Results from a large multi-institutional clinical trial reported in the New England Journal of Medicine provide confirmatory evidence that treatment with pre-operative radiation significantly decreases local cancer recurrences in patients with rectal cancer that has not spread to distant sites and should be considered the standard of care for this disease.
The rectum comprises approximately the last 10 inches of the colon, or large intestine. Patients with rectal cancer that has not spread to distant sites in the body may be cured through the complete surgical removal (resection) of their cancer. Recently, results from previous clinical trials have demonstrated that radiation prior to surgery decreases cancer recurrences compared to treatment with surgery alone in rectal cancer. A decrease in cancer recurrences often correlates to improved long-term survival.
The concept behind the use of pre-operative radiation is to shrink cancer and kill undetectable cancer cells that may exist directly outside the site of cancer origin. Current detection methods are not able to find or measure small amounts of cancer cells that exist, therefore increasing the chance that they may be left behind following surgery. These cancer cells are responsible for cancer recurrences. In theory, through shrinking the site of cancer and killing nearby cancer cells, more complete surgical removal of the cancer may be obtained, resulting in fewer recurrences and improving chances for a cure.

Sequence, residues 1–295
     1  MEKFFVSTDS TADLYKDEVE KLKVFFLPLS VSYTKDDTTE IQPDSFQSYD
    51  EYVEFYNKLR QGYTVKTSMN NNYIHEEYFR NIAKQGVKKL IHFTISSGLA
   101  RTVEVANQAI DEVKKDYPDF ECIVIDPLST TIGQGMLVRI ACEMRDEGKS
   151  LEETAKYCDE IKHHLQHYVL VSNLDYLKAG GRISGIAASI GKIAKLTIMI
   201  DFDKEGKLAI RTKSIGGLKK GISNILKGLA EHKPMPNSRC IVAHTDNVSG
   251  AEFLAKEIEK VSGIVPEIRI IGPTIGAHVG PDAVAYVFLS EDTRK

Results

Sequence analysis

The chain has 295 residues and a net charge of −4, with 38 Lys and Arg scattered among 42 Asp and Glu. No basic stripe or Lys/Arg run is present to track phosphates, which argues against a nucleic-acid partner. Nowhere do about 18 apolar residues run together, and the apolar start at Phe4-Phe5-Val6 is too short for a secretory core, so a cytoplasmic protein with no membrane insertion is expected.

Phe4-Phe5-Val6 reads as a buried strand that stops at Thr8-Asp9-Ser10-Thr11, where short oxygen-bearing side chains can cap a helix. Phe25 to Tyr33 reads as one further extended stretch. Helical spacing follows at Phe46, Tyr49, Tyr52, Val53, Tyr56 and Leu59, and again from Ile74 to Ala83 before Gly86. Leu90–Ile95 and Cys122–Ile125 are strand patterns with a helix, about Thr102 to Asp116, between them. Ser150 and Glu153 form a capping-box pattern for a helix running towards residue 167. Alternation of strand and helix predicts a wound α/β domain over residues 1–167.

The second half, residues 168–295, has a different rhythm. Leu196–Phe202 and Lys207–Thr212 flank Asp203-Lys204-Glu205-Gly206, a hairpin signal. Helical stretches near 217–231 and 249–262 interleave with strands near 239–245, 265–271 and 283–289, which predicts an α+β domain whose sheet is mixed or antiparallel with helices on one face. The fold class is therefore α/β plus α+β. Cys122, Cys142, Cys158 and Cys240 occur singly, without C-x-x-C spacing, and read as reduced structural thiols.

A recent, large multi-institutional clinical trial was recently conducted which directly compared treatment of pre-operative radiation plus surgery to surgery alone in over 1800 patients with rectal cancer that had not spread to distant sites. Surgery consisted of total mesorectal excision, which is the removal of the lymphatic and vascular tissue surrounding the portion of the rectum removed. Two years following treatment, there was no difference in survival between the two groups of patients. However, local cancer recurrences had occurred in only 2.4% of patients treated with radiation plus surgery compared to 8.2% of patients treated with surgery alone.
These results confirm previous studies, indicating that preoperative radiation reduces the risk of local cancer recurrences in patients with rectal cancer that has not spread to distant sites. Although survival rates were equal at two years following therapy, longer follow-up is needed to truly determine survival advantages. Patients with rectal cancer may wish to speak with their physician regarding the risks and benefits of preoperative radiation and total mesorectal excision for optimal treatment. (New England Journal of Medicine, Vol 345, No. 9, pp 638-646, 2001)
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